READ MORE: Websites to be fined over ‘online harms’ under new proposals
Specsavers goes live with first global campaign
Specsavers has unveiled its first global campaign, which is a collaborative project by all the countries within the group.
Aired on Sunday evening (7 April) across ITV and social media, the Paws advert features Snowdrop, a performing Persian cat from Prague, struggling to get through a cat flap fitted upside down by a shortsighted handyman.
Devised by the in-house creative team, the TV advert will be supported by activity across Specsavers’ social channels including YouTube, Facebook and Instagram.
According to CMO Katherine Whitton, the “fame and fondness” of the ‘Should’ve gone to Specsavers’ tagline has global relevance.
“It was time that we made an ad designed to work in every market we operate in,” she adds. “The beauty of the campaign idea and insight is how universal it is with no barriers to it being enjoyed be all, whatever your age and wherever you live.”
Mike Ashley calls for Debenhams execs to ‘take lie detector tests’
Mike Ashley has accused executives at Debenhams of engaging in “a sustained programme of falsehoods and denials” over his continued bid to take control of the struggling department store chain.
The Sports Direct owner suggests that the top team should take lie detector tests after he claimed they were misrepresenting what had happened in a meeting between the two firms following his offer of a £150m cash injection.
In a statement, released on Sunday, Sports Direct claimed that “misrepresentations were made to induce Sports Direct into signing a non-disclosure agreement, locking them out of any ability to trade in the bonds or equity of Debenhams for a period of time”.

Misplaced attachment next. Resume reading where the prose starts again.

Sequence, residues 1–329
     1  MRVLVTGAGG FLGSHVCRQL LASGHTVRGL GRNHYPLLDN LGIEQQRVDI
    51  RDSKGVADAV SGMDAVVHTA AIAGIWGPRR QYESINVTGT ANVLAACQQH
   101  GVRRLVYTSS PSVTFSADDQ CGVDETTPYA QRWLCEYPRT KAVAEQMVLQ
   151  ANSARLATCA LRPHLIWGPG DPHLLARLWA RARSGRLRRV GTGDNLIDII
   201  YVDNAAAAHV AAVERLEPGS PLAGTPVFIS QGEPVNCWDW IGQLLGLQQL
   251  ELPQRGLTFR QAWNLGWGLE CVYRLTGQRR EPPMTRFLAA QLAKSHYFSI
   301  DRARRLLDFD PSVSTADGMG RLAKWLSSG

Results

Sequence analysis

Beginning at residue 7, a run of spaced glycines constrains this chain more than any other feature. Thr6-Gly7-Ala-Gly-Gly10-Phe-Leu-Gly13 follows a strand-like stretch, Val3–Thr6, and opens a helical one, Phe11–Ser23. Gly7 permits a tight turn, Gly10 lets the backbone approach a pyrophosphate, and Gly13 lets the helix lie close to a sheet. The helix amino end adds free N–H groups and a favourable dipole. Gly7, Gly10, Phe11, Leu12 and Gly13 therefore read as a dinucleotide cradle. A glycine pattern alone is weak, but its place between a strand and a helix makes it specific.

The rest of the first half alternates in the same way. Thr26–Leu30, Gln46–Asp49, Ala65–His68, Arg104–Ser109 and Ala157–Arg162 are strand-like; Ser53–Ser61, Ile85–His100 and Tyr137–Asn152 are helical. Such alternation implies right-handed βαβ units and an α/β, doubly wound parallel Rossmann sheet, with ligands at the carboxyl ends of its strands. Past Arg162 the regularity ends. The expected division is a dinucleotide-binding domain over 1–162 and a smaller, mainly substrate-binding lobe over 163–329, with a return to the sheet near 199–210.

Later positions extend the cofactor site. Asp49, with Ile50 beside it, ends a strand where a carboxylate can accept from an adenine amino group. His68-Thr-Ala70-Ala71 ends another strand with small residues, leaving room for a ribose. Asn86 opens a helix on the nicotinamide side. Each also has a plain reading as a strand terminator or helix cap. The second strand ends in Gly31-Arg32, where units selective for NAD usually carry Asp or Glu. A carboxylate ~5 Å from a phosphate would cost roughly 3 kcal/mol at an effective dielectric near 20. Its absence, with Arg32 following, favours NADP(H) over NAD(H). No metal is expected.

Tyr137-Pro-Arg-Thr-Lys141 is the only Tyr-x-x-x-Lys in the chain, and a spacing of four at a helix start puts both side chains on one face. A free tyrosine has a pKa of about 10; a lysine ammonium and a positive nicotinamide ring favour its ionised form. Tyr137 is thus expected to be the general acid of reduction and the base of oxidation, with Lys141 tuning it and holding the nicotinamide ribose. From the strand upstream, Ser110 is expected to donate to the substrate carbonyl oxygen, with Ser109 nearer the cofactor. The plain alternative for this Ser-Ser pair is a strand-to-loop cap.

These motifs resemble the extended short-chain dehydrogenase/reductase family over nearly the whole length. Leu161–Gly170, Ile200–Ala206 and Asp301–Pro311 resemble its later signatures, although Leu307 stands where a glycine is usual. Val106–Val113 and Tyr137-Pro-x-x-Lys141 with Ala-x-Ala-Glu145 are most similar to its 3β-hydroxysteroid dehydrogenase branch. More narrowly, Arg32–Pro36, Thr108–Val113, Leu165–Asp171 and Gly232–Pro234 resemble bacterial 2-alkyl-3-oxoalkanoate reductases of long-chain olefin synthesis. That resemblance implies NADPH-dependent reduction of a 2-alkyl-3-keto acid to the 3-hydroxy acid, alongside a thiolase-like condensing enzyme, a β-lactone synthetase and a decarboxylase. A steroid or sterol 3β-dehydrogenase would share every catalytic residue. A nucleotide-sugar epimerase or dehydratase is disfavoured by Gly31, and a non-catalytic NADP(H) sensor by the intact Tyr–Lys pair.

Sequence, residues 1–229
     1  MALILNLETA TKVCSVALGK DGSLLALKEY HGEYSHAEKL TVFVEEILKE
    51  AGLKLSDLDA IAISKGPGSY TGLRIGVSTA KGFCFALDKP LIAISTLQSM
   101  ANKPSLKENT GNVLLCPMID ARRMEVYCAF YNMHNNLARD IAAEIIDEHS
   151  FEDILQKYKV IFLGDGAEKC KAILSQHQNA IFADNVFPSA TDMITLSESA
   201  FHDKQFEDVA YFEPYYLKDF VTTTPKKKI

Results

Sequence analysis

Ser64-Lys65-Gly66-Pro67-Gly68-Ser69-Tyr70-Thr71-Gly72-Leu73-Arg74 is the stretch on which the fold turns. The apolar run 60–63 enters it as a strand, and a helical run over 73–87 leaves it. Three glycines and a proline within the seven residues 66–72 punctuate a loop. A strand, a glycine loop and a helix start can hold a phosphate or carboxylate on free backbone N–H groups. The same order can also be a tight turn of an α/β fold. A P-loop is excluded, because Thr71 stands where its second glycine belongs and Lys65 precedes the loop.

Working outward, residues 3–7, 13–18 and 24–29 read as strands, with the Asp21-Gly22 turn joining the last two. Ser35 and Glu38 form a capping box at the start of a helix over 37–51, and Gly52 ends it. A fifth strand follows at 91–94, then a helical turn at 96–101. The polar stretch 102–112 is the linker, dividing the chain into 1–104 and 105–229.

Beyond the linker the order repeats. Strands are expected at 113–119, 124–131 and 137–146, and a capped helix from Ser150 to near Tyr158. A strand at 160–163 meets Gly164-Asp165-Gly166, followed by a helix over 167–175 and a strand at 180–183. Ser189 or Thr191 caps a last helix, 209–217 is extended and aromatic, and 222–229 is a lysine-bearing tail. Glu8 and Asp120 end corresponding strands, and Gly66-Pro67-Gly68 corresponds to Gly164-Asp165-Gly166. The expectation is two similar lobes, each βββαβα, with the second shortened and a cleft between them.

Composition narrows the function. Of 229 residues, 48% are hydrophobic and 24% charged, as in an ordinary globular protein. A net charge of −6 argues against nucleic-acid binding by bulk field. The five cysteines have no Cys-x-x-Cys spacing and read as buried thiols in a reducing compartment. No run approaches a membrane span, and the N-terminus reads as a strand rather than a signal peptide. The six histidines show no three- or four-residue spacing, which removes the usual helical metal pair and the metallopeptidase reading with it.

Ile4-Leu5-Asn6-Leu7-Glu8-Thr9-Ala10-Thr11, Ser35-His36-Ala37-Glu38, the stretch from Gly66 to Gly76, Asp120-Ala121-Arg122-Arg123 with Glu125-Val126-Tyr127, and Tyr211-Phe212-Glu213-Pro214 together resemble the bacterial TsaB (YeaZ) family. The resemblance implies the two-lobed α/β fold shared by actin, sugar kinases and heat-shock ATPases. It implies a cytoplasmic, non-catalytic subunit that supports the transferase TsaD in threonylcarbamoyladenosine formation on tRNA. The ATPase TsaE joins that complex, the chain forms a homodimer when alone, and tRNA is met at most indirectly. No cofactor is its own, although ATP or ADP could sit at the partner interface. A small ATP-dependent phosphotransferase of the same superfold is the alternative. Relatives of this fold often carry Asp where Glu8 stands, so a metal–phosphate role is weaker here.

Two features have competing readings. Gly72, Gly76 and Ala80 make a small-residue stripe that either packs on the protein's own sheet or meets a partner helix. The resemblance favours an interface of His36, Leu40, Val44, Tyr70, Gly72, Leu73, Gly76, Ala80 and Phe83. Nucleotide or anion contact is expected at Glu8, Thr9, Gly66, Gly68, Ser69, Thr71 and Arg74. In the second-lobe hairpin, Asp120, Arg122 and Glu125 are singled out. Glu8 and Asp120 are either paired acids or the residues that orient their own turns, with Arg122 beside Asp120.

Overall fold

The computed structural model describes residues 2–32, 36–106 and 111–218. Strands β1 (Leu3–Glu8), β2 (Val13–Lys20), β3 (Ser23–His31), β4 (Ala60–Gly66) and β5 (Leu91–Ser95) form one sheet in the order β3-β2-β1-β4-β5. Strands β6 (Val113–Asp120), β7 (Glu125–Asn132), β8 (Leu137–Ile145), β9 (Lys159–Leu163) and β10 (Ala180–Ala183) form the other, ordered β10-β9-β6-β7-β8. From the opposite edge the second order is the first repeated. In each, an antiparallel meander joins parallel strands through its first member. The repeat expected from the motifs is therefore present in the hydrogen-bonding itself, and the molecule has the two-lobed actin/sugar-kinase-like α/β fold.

It appears Ashley and two colleagues have already taken lie detector tests, the results of which Sports Direct claim “showed without any doubt” they had given an accurate report of the meeting.
However this morning, in light of the “press speculation”, Sports Direct has issued a new statement reiterating its offer to invest £150m in Debenhams in exchange for Ashley being appointed chief executive and £148m of debt being written off by lenders.
The company also stated it was still considering a £61m takeover bid and has until 5pm on 22 April to announce either a firm intention to make an offer for Debenhams or walk away.
In this morning’s statement Sports Direct also added that it wanted to “seek to constructively engage with the Debenhams board”. This is despite the fact that Ashley, who currently owns a 29.7% stake in the department store business, had yesterday called for an investigation and for the firm’s shares to be suspended.
According to BBC reports, Debenhams’ financiers are considering the offer. If Ashley’s bid is turned down, it is thought the company is likely to go into administration this week.
READ MORE: Mike Ashley launches new broadside against Debenhams
Holland & Barrett slammed for ‘shabby’ treatment of suppliers
Holland & Barrett has been accused by senior MPs of treating its suppliers “shabbily” amid accusations of poor payment practices.
According to small business commissioner Paul Uppal, the health food chain has “a purposeful culture of poor payment practices”, which includes taking an average of 68 days to pay invoices and is evidenced by the claim 60% of its invoices were not paid within agreed terms.
The Guardian reports that the commissioner received a complaint from a technology company over an unpaid £15,000 invoice, which Holland & Barrett only paid in full 28 days after the complaint was submitted to the commission.
“Holland & Barrett’s refusal to cooperate with my investigation, as well as their published poor payment practices, says to me that this is a company that doesn’t care about its suppliers or take prompt payment seriously,” Uppal states.
Chair of the business, energy and industrial strategy select committee, Rachel Reeves, described it as “outrageous” for a company to take an average of 68 days to pay its invoices, adding: “Consumers would be appalled to hear that a big name on the high street such as Holland & Barrett is treating their suppliers so shabbily.”
READ MORE: Holland & Barrett accused of treating suppliers ‘shabbily’